University officials are looking into the possibility of acquiring drug-sniffing dogs, which would strengthen its already tough stance on drug use on campus. With the dramatic increase of undergraduates in the past few years, the University has fallen behind in providing adequate services for its enlarged student population, but University administrators still find it pertinent to look into investing in an expensive drug-detecting apparatus.
GW already has an aggressive drug detection and prosecution system in place. Students are routinely kicked out of their on-campus residences after surprise searches that produce drugs or drug paraphernalia. University policy states that students can be kicked out of on-campus living, without a refund, if illegal drugs are found in their room. GW should be careful what it wishes for – the addition of drug-sniffing dogs could mean many more student evictions than they are ready to handle or afford.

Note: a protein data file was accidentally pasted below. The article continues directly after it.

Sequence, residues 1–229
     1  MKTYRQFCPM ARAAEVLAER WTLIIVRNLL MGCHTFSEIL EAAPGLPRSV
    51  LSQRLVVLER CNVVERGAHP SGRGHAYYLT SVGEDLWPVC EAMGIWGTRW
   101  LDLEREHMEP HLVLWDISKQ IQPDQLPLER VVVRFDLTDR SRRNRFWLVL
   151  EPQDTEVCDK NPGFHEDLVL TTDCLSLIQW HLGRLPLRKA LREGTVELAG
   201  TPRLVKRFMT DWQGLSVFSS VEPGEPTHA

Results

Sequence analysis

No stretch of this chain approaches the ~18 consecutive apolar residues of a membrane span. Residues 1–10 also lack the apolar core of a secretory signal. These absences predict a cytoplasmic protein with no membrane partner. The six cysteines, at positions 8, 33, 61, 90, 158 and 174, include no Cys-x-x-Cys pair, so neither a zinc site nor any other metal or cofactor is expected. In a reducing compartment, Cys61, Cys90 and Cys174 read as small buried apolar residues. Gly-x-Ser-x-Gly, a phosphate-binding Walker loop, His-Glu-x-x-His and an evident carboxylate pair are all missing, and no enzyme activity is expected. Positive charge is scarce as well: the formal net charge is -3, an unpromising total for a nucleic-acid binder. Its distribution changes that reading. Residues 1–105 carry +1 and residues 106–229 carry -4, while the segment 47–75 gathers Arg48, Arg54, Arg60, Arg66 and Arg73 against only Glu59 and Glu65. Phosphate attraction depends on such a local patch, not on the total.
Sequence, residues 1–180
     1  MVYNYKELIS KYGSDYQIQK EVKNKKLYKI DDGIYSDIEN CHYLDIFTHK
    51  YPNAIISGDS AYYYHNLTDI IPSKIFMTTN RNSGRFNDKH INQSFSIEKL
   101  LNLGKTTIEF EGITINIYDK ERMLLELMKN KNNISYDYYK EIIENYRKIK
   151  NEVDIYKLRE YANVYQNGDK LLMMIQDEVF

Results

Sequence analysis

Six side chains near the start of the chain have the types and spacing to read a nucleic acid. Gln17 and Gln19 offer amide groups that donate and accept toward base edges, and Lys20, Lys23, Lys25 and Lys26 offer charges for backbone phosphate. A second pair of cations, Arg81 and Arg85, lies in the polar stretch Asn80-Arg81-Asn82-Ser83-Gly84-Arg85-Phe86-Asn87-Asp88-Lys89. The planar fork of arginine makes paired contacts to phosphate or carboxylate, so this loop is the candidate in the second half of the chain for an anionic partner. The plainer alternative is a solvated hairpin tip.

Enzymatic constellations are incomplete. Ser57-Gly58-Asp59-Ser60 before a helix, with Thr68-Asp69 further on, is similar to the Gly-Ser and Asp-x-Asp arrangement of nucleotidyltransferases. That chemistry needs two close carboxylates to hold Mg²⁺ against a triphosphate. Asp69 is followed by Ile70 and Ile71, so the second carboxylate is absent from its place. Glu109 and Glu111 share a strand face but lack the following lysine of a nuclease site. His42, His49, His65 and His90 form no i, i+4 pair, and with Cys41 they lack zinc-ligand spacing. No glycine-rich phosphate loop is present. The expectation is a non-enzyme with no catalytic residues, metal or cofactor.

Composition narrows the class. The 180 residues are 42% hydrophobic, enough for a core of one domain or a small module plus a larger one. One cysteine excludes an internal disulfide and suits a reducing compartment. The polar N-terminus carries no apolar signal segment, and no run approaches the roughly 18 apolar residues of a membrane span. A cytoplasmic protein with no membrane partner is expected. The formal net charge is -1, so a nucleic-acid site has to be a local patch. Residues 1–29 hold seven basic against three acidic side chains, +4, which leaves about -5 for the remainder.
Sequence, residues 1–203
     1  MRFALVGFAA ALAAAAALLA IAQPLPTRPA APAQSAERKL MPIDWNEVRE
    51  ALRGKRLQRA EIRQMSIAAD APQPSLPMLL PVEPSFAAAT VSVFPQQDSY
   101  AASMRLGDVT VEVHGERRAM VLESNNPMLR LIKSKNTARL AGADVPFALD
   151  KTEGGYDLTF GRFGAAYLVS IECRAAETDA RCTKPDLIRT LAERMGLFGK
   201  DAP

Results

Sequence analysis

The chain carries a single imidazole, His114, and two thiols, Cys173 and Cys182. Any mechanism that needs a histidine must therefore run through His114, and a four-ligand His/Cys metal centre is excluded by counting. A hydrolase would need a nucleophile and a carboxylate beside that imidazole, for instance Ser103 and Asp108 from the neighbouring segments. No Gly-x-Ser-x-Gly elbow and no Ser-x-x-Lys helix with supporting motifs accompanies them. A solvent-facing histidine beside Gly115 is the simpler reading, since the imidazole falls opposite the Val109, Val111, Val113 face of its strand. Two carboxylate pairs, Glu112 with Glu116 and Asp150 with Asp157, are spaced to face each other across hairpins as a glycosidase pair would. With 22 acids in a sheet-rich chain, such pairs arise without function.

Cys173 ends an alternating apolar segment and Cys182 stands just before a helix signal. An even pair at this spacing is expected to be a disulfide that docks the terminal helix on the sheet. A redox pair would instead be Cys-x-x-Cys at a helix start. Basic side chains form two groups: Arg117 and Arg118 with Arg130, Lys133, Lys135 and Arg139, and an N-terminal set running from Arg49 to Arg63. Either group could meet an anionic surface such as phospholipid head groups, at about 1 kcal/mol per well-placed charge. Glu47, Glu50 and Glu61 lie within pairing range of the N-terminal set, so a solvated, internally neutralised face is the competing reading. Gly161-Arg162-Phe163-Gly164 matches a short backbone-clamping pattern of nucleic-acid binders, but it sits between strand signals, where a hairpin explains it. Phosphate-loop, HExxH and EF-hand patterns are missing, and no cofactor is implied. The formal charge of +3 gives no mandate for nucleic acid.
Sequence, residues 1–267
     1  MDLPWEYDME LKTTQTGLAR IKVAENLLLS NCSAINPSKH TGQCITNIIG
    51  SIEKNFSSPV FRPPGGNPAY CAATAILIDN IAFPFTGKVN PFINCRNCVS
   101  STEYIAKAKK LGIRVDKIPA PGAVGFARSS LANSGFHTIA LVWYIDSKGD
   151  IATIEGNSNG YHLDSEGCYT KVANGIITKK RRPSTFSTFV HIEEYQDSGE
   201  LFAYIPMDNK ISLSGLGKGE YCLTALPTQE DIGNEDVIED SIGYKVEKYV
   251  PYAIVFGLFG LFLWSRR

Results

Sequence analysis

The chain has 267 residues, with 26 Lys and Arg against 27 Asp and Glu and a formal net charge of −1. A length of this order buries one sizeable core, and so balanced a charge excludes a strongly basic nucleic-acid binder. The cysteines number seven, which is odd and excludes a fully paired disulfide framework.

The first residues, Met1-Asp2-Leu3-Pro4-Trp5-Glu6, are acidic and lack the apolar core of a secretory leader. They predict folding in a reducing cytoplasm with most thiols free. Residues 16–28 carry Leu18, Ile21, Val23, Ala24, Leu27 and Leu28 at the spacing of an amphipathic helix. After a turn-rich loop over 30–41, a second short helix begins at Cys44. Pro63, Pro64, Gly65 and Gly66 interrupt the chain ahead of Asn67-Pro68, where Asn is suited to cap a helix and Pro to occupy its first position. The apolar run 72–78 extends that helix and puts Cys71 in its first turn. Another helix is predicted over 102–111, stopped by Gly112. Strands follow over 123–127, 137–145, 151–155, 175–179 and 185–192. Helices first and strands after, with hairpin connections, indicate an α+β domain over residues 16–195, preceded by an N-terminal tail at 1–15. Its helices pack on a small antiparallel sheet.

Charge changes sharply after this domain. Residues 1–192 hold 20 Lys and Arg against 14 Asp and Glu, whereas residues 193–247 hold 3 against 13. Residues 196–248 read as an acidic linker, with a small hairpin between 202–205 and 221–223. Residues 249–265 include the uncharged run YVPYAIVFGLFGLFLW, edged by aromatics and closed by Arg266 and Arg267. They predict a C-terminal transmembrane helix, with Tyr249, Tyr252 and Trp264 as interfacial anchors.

The main issue with the addition of dogs is not that we disagree with providing new avenues by which the University Police Department can promote safety and enforce the law, but that the University seems to have its priorities in the wrong places. Students should feel that the University is making an attempt to make GW better for students. To be fair, GW is attempting to improve student life on some fronts such as additional 4-RIDE funding and the new Colonial Cash system, which combines Debit Dollars and Points. The addition of dogs, however, is not a student-friendly measure, and will serve to make students even less happy than they currently report to be. Reports of drug offenses have not noticeably risen on campus, but if the University wants to deal with drug abuse on campus, it would be better off to invest in drug education, not costly Orwellian measures such as video cameras and drug-sniffing dogs. This can create an atmosphere of distrust that bleeds into other avenues of student-administration interactions and tends to be reciprocal.